No One Wants A Drunk

by Laura

Along with the connection to some high-powered Scots, it seems my heritage also includes at least one family member who exited this world in a rather gruesome way:  he got drunk, passed out, and fell out of a third-storey window.  My 2nd Great-Grandfather James was 38 years old.

In the 1840s, my McManus Family emigrated from what is now Northern Ireland to Scotland.  This was a fairly easy trip, as Ireland and Scotland are only 54 miles apart; from Belfast to Glasgow, where my ancestors settled, it’s 143 miles apart. When my 2nd Great-Grandfather was born in 1844, Ireland was on the cusp of the Great Hunger. According to the population census of 1841, the Irish-born population of Scotland stood at 126,321 out of 2,620,184 or 4.8%. By 1851, it stood at 207,367 out of a total of 2,888,742 or 7.2%; the Irish population of Scotland had increased by 90%. Almost 29% of all Irish migrants settled in Glasgow, which is where many of my family are from. The Irish Catholic worked where jobs requiring muscle and strength were in high demand: mining, shipbuilding, dockwork, day labour. They were more than willing to work for less than the local Scots…and at a time when the Highlanders, an educated, middle-class group, were experiencing a collapse of their economy as well as the second phase of their own political troubles known as “The Clearances”.  This all caused great religious and class tensions between the Catholic Irish and the Protestant Scots with pamphleteering, discrimination, fisticuffs, sermonising, and so on against the Irish in Scotland.

But I digress.

So. My 2nd Great-Grandfather James. He emigrated to Scotland with his Mum, his Da, and his brothers and sisters when he was 7 years old in 1851. The family settled in Kilbarchan, Renfrewshire, Scotland. Kilbarchan was known as a centre for weaving. James’ father, my 3rd Great-Grandfather, was a shoemaker; his wife, Catherine, was a linen weaver, so they had the skills available to set up a viable working household. Eventually, James moved to Glasgow, probably to find better work, and married Catherine McEwan. They had eight children, for certain; the ninth child, Annie, is a bit iffy as she was born a bit late…about 13 months after James died. Who her Father may have been is a family mystery.

I have a cousin in Scotland, still living in Glasgow, who sent me a copy of the newspaper clipping about James’ unfortunate demise:


“GOVAN,–FATAL FALL OVER A WINDOW–At an early hour yesterday morning [13 August 1882] James M’Manus, riveter, residing at 78 Queen Street, Govan, fell over the back window of his dwelling-house, three stirs up, into the court below. His wife missed him about five o’cock in the morning, and on looking out the window she observed him lying in the back court. He was at once taken up to the house and examined by Dr Barras, who on examination found he was unconscious, and had sustained severe injuries about the head and face. He died a few hours afterwards.”  Glasgow Herald, 14th August 1882.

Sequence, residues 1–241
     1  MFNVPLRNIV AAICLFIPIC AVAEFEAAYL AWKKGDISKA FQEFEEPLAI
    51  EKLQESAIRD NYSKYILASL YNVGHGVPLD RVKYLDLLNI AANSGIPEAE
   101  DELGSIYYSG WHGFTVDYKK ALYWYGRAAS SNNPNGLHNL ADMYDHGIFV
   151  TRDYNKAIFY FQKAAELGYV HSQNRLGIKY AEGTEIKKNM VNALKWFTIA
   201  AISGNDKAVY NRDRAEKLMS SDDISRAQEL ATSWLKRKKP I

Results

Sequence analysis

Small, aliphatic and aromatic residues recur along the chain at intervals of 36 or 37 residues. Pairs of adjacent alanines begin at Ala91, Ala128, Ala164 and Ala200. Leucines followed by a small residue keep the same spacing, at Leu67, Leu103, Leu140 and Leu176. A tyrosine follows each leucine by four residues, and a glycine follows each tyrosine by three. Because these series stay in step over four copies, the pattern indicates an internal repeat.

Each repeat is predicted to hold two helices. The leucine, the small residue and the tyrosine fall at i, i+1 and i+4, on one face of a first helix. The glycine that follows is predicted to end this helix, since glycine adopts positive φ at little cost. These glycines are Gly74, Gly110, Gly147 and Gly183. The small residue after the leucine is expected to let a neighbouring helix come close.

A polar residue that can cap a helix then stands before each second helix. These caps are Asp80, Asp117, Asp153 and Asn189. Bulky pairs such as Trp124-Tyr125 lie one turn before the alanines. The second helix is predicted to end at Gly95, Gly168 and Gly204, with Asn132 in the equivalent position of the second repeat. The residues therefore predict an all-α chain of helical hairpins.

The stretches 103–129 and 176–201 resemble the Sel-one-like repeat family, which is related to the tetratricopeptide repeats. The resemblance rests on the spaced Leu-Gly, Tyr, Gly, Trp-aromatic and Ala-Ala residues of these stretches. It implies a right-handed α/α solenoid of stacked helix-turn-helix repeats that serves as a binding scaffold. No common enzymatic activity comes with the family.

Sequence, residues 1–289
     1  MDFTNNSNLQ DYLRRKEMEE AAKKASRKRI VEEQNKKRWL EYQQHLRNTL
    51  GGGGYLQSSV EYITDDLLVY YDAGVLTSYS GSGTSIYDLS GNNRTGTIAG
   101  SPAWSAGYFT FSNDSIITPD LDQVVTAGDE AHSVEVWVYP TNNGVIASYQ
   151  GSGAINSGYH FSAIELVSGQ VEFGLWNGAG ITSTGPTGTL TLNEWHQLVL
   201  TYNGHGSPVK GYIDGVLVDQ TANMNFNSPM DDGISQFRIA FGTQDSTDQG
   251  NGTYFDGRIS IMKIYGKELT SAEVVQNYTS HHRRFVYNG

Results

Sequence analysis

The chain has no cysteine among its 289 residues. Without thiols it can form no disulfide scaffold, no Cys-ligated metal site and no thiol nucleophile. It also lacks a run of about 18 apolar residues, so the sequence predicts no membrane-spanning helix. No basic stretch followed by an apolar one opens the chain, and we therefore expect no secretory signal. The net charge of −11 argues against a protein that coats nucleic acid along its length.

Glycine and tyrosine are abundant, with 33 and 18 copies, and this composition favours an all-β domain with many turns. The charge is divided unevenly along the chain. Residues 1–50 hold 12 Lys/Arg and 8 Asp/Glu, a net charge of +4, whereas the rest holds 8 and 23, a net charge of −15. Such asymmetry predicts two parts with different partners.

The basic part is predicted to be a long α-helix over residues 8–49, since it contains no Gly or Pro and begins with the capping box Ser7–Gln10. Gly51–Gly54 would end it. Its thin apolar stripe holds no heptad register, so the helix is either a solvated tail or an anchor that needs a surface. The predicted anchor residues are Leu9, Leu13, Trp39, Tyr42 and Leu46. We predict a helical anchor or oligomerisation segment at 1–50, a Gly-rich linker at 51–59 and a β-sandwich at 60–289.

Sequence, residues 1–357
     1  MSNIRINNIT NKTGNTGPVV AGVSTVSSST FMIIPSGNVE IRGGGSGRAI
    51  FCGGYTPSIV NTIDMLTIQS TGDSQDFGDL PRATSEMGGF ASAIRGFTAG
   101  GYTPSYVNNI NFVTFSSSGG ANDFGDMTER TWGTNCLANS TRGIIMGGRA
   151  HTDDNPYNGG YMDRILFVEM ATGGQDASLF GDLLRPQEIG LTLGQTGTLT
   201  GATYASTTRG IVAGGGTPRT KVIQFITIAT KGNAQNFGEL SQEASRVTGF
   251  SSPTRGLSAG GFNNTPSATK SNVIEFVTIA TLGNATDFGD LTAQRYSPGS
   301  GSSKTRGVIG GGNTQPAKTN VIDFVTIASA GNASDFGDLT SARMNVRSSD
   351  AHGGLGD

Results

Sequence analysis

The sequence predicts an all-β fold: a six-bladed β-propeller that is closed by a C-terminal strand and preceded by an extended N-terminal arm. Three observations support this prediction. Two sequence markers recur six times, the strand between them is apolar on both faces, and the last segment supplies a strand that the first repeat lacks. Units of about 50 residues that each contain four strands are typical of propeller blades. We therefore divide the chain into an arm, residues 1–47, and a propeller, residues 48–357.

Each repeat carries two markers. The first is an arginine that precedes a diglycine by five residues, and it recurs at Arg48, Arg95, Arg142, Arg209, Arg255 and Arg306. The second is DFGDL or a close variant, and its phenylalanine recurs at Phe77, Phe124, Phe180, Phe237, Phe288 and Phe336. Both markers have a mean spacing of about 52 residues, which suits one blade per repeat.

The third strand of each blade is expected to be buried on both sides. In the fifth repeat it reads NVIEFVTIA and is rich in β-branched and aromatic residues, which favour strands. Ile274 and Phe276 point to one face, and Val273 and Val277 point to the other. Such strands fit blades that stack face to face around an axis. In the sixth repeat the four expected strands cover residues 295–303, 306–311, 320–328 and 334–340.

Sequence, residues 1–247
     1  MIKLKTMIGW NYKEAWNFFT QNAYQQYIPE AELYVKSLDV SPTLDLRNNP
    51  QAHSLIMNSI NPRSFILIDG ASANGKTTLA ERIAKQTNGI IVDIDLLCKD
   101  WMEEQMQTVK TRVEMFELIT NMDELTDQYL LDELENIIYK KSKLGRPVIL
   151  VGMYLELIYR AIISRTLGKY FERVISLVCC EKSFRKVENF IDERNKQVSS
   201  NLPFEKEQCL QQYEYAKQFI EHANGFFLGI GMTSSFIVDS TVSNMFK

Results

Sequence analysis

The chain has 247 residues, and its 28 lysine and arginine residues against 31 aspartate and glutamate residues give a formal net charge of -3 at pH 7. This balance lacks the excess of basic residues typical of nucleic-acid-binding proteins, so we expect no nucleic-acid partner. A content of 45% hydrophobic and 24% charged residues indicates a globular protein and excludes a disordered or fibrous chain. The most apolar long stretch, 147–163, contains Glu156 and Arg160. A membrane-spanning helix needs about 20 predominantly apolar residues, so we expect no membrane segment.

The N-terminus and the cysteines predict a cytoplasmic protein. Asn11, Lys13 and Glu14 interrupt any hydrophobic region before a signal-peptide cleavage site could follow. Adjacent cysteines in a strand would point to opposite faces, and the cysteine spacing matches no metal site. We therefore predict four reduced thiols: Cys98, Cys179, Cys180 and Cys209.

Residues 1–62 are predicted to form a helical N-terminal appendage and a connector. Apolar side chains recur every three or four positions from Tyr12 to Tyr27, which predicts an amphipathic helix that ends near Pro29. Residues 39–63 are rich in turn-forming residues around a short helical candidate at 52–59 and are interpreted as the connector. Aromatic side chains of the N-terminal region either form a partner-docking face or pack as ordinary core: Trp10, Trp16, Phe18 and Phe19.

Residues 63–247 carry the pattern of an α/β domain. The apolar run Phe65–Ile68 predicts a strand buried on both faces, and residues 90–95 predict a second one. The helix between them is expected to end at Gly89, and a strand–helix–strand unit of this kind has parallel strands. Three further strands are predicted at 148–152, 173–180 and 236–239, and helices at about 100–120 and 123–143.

My Cousin-in-Scotland also filled me in with the details from his years and years of family research:

…[James] came home drunk and his wife let him sleep on the floor, she woke up at
5 am and found the window opened, James was lying in the back court, they carried him back up three flights till the doctor came…
the family did not have enough money to bury him so his workmates had a collection for it, later on Catherine applied for financial assistance but did not get any as two of the boys were working doing a milk run, so much for the good old days, I went to school in Govan and wondered why the wives used to turn up at the place where their husbands worked only on a friday, it was to try and get some money off them before it was all spent in the local pub,

I did a bit of checking, and 13 August 1882 was a Sunday; the previous Monday had been a Bank Holiday, so it seems James and his workmates may have had a short work week. They would have had their pay-packets on Friday, the 11th, and probably spent the weekend drinking… It’s a pattern that still exists today, 134 years later.

His wife, Catherine, was left a widow with no easy means of support for herself and their 8 (then 9) children. She  has her own sad story. This was the time of Victorian England, even as it’s taking place in Glasgow, Scotland. If you’ve read any Charles Dickens, this is the reality upon which his stories had been based. There was a certain meanness in Great Britain then, with poorhouses (and I have family members who lived and died in them), child labour, chronic malnutrition, chronic diseases due to extreme poverty, and Good Christian Men, Rejoice! even as they stepped past, around, and through the rampant, endemic poverty that surrounded them. Granted, the family appears to have done a lot of this to themselves (“tried to get the money off them before it was all spent at the local pub”)… I realise I can only speculate about what sort of context in which their lives were lived.

And there, before the grace of God, go I.